I have a confession. The author of “The Railroad” is my husband. That being said, I’d like to give my opinion on the book. Mind you, I know a little bit about where he was coming from when he wrote the book. Neil wanted to write a book about child abuse. This is a subject that concerns him greatly. However I think “The Railroad” is about much more than child abuse.
In the beginning of the book we meet Mike Dobbs, a hotshot Wall Street type, up and coming in the financial world. A flash from the past reaches out to him and he is unexpectedly drawn into a world he knows nothing about. When he is approached by an old friend asking for help he never hesitates. Elena needs money to get away from her husband who is sexually abusing her daughter. Once he has given her a substantial amount of money and turned her over to the Railroad he believes his involvement has ended. It might very well have ended there if other events did not take place.
On September 11, 2001 Mike is trapped in the subway beneath the streets of Manhattan as the World Trade Center collapses above. Perhaps it is a sudden awareness of his own mortality, or post traumatic stress disorder, or some unnamed epiphany, but he decides to abandon his New York life, his girlfriend, and his friends to retreat to his upstate shack. Okay, it isn’t exactly a shack but it is certainly a far cry from his city loft. Shattered by the events of 9/11 Mike drifts into a world of alcoholism and depression.
It’s at this point that the story takes an unexpected twist. Elena contacts him once again. This time she is looking for a place for a friend of hers to hide. Like Elena, Eileen Benoit’s daughter is being molested. The Railroad can help her, but they need to arrange a place for her. In the meantime she needs to get away. Mike, the unlikely hero, once again steps up to the plate. He allows this woman and her seven year old daughter Megan to move into his small house on a temporary basis.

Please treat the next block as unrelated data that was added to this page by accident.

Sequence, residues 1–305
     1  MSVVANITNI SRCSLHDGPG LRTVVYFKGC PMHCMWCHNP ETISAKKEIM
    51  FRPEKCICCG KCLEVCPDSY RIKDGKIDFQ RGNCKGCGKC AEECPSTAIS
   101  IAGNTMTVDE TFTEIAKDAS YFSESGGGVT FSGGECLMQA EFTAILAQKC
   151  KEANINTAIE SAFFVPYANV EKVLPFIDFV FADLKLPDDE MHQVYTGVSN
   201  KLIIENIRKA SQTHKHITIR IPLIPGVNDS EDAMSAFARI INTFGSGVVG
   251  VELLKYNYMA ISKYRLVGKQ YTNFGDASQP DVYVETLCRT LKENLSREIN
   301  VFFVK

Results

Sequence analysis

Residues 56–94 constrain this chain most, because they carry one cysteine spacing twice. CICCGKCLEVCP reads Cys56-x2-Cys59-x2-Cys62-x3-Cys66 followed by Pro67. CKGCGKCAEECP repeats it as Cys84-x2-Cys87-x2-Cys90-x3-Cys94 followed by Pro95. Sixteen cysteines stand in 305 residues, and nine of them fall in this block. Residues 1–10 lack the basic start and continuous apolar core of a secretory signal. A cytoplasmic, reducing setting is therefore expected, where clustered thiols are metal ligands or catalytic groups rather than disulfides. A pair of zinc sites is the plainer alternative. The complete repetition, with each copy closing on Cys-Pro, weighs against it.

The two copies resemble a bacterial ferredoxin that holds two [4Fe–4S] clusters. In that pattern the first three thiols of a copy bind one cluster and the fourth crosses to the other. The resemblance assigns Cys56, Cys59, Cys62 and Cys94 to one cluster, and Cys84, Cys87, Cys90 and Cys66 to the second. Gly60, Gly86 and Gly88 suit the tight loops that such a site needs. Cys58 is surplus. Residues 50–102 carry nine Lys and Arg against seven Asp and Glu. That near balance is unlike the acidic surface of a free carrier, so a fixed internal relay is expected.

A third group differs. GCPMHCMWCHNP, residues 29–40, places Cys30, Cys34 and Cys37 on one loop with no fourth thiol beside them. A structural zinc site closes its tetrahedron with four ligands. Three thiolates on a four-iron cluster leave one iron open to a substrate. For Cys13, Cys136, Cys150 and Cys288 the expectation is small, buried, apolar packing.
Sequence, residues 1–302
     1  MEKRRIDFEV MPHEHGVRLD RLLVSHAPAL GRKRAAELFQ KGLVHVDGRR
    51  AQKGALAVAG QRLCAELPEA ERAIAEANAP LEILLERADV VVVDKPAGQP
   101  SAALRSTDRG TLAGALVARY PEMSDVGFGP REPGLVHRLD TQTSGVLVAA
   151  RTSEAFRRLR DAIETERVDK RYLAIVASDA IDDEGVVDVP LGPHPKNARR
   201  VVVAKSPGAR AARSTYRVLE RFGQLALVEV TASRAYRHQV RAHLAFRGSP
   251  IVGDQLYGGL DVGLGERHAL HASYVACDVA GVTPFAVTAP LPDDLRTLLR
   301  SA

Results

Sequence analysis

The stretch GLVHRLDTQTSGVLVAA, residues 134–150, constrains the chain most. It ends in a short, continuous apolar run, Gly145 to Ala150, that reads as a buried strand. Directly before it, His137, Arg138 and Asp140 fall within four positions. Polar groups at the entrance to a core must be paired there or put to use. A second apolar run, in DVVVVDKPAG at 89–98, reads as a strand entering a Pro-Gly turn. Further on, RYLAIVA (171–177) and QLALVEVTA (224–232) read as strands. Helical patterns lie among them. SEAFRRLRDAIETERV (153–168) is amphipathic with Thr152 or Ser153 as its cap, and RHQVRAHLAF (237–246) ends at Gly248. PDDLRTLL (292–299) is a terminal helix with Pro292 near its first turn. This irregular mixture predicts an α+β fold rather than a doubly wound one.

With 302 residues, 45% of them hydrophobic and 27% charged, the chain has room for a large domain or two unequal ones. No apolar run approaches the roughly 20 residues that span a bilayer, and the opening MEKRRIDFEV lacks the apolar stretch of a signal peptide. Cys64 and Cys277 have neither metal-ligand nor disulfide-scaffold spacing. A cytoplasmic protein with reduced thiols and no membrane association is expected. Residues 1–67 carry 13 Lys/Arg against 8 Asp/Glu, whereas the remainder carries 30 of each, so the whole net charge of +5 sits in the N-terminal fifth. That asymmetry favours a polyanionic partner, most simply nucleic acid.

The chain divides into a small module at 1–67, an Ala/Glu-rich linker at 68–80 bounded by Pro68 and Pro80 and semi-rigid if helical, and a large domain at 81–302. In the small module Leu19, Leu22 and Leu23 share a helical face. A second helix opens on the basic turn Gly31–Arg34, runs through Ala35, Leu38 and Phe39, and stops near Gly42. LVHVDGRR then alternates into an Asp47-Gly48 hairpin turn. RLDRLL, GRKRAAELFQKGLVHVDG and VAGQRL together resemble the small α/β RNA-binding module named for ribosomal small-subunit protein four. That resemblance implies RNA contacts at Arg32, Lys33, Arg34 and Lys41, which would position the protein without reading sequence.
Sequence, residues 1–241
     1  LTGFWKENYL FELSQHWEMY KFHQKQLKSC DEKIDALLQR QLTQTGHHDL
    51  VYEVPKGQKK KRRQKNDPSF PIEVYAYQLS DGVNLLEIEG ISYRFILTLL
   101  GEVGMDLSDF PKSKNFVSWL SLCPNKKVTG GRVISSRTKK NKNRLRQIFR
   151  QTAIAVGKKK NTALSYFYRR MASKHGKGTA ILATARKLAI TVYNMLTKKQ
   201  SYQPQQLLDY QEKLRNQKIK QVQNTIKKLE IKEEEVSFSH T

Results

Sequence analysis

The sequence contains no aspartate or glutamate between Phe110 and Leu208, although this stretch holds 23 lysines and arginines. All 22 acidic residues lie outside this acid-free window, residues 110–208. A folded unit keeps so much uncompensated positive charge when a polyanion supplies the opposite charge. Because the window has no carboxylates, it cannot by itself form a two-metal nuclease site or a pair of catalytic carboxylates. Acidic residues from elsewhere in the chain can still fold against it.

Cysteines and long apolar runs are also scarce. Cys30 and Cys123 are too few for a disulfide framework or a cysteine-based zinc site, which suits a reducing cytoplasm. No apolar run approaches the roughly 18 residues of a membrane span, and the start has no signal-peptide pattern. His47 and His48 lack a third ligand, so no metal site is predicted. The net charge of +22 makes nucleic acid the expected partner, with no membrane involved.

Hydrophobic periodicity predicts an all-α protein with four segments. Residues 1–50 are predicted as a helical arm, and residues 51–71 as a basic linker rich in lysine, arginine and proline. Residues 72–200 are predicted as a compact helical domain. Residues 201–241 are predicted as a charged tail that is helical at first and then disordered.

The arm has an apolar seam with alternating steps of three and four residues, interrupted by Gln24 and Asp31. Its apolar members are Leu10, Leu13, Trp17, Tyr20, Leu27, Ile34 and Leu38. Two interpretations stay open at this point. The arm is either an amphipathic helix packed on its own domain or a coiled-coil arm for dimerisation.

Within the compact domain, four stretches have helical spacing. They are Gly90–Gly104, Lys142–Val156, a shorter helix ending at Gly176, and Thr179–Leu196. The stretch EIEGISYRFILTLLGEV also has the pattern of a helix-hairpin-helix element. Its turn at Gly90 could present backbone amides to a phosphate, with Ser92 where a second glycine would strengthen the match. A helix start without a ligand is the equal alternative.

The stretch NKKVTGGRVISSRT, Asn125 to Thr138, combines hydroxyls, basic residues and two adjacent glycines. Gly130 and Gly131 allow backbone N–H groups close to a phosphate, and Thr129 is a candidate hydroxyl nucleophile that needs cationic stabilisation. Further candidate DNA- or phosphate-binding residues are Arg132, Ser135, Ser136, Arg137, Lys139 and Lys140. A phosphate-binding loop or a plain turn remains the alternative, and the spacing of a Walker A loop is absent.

What ensues is a journey, both emotional and physical, for these three individuals. As a varied cast of characters are introduced, the sense of danger increases. The news is filled with stories of the “Chapter and Verse Murders”. Women and children disappear from their abandoned cars with only the numbers “451” written in blood at the scene. Is there a connection between these disappearances and the Railroad? Once Elena and Megan have been moved, her husband shows up on Mike’s doorstep. As things evolve, Mike is drawn deeper and deeper into a mystery he can’t seem to solve.
Mike’s journey to find out what happened to Eileen and Megan is also a journey of the spirit. As he searches for answers to their whereabouts, he also searches deep inside himself. Will Mike be able to save Eileen and Megan? Will he be able to save himself? Culminating in a shocking ending, “The Railroad” is a suspenseful tale that touches the heart.
I like this book. I like the raw style Neil uses to tell his tale. I gravitate between hating Mike Dobbs and feeling sorry for him. Sometimes I just want to smack him in the head. Elena frustrates me as she moves between being a sympathetic character and an annoying, whiny woman. I feel sorry for little Megan but sometimes she is such a brat I forget what she has been through and I would like to put her over my knee and spank her. Basically, these characters are so real they jump off the pages and I respond as I would to people I actually know. I recommend it to anyone who likes a mystery, doesn’t mind some four letter words, and can relate to the human condition in all its varied forms